As there is still so much uncertainty, I feel personally I would prefer to err on the side of caution. Some chemicals, of course, we cannot avoid – such as those in the air we breathe, but others – particularly those in cosmetics or cleaning products, are quite a lot easier to steer clear of. As a basic rule of thumb, I try to use products that are as close to nature as possible, even better if they could be edible!
Here are just a few ideas to get you started:
- Try experimenting with organic coconut, rosehip, almond or even olive oil as a moisturiser rather than using face or body creams. Remember that anything that goes over a large surface area, or stays on your skin for a long time, gives more opportunity for chemical absorption. You might need to experiment a bit to find what works best for you, but these DIY options are often just as effective and often cheaper than their synthetic alternatives.
- Try thinking about how you could reduce the number of products that you are using overall. Do you really need all of them?
- Look at the ingredients, and be careful that lots of claims on the front of the packaging (‘pure’/ ‘green’ / ‘natural’/ ‘dermatologically tested’) do not necessarily mean that they are chemical free and are largely unregulated as advertising terms. Try buying products with the simplest ingredients list and fewer synthetic chemicals.
- Search out companies who do the hard work for you. There are some great, well-established organic brands who avoid putting unnatural chemicals into their products, meaning that you are able to buy with more peace of mind.
- Don’t forget your home. Try using organic castile soap (just decant some into an old spray bottle and top up with water) as your multi-purpose cleaner. It works brilliantly, and is made just from vegetable oil and essential oils. This is particularly good for bathrooms – as cleaning products on bathtubs will often end up in your bathwater. Good old fashioned soap, hot water and a bit of elbow grease is a very effective way of removing bacteria and germs too, so don’t worry about it not being ‘antibacterial’.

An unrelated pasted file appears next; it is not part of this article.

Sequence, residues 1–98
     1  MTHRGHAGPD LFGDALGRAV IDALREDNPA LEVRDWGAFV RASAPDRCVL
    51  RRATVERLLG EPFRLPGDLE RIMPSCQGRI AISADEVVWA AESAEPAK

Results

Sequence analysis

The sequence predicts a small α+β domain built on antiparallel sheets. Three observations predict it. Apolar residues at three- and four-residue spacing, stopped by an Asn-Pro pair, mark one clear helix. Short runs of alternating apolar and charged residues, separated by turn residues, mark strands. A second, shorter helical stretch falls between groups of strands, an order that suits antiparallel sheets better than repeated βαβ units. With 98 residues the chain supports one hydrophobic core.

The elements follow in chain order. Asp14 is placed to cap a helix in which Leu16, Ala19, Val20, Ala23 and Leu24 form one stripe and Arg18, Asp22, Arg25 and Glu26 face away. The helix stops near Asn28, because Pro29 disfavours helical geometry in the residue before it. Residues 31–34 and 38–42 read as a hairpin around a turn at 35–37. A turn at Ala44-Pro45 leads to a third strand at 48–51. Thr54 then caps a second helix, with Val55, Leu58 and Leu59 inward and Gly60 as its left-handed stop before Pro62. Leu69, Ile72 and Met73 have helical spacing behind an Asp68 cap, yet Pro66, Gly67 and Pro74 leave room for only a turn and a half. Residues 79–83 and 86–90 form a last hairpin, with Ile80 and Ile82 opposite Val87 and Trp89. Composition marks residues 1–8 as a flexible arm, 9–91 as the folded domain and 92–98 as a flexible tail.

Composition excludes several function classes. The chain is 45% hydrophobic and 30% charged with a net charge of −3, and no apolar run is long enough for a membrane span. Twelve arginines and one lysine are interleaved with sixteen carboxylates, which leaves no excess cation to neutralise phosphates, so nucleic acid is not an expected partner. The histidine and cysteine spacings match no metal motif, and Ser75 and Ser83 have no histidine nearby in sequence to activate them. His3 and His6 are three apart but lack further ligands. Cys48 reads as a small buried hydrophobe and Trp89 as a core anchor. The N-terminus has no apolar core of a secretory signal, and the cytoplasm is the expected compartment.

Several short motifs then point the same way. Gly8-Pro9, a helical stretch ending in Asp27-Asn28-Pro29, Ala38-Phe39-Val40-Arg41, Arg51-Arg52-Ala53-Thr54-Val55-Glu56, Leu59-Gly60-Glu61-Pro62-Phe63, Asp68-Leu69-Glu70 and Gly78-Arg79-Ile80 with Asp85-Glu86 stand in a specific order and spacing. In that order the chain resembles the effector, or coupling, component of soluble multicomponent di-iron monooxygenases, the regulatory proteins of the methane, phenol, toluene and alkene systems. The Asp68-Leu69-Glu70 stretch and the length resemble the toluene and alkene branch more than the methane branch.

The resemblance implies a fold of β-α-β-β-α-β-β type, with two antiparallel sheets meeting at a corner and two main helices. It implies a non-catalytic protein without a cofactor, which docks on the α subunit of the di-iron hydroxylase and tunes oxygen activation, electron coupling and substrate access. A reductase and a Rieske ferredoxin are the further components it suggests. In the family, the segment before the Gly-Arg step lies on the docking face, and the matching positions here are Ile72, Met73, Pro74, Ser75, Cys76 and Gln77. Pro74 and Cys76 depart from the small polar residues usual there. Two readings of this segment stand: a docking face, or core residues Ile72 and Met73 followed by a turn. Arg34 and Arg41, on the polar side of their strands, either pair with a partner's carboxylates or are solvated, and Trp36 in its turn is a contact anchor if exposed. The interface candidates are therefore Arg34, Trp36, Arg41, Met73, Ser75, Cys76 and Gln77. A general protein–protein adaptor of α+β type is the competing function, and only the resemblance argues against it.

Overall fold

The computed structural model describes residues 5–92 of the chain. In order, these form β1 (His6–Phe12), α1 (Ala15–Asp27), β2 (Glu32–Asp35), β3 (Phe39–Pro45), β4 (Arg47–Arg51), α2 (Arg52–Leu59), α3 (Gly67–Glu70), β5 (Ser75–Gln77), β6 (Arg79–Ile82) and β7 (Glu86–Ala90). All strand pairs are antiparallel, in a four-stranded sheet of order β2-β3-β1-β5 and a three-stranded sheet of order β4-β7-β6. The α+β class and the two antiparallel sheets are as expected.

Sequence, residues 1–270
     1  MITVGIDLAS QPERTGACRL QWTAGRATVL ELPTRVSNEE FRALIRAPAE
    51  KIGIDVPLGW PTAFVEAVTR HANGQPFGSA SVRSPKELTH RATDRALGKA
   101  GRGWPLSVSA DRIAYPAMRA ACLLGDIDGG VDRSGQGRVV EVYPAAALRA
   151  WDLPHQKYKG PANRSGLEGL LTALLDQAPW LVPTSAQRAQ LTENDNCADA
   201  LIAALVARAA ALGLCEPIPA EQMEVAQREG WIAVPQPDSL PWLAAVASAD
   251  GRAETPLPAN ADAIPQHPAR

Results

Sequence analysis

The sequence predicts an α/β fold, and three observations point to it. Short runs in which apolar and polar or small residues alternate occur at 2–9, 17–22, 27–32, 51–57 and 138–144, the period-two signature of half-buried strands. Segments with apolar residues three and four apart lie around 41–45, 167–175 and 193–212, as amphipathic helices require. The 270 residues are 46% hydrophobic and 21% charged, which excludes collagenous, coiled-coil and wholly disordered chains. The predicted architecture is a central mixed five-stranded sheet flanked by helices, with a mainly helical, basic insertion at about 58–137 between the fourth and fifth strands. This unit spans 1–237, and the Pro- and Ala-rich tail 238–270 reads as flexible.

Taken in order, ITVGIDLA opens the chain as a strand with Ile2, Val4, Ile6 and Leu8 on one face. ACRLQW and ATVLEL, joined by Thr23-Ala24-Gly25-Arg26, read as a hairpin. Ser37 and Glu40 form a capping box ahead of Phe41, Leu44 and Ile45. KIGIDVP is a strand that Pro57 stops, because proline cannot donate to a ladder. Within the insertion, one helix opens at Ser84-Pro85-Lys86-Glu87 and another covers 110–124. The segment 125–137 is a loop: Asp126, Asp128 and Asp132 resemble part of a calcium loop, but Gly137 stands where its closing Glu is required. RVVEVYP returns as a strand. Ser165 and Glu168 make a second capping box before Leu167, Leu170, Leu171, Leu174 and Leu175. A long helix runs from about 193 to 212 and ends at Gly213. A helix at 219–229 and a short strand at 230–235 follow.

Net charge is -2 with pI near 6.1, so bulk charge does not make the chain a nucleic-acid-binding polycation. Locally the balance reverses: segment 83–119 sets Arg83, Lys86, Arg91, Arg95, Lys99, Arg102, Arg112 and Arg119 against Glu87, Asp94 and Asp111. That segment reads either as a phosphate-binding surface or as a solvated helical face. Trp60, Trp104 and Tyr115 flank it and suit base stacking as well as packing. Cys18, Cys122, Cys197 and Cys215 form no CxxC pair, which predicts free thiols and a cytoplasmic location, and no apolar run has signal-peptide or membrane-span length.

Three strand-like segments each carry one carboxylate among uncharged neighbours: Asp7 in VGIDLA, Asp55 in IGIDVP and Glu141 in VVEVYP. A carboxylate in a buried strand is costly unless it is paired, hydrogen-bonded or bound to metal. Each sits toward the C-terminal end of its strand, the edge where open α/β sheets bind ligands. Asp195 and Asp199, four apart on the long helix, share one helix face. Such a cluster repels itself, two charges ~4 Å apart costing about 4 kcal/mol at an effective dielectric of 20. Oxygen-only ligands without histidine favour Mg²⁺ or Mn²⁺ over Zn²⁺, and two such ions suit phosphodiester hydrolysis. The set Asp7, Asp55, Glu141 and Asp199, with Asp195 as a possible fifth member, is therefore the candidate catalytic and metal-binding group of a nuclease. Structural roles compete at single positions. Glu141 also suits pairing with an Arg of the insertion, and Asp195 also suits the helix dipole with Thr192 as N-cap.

- Avoid putting bubbles or other products in baths (especially for babies and children). This dries out skin, and means that you then need to put back all the moisture you have stripped off with yet another product!
- Be conscious of fragrance – for example, burning scented candles fills the atmosphere with chemicals, even if it does smell nice! Try spraying perfume onto your clothes rather than your skin. Pick unscented, or naturally scented, products wherever possible.
- Be informed. Research your products and search out the safest ones you can find.
What about specific products?
This website, although USA based, gives you a safety rating for over 80,000 branded products, which might help you get some more information, and is certainly an interesting browse! ewg.org/skindeep/
- WHO (2015) Endocrine disrupting chemicals (EDCs). Available at: http://www.who.int/ceh/risks/cehemerging2/en/ (Accessed: 12 February 2016)
- Bergman, Å., Heindel, J.J., Jobling, S., Kidd, K.A. and Zoeller, T.R. (2012) State of the science of endocrine disrupting chemicals 2012 summary for decision-makers INTER-ORGANIZATION PROGRAMME FOR THE SOUND MANAGEMENT OF CHEMICALS. Available at: http://apps.who.int/iris/bitstream/10665/78102/1/WHO_HSE_PHE_IHE_2013.1_eng.pdf?ua=1 (Accessed: 12 February 2016).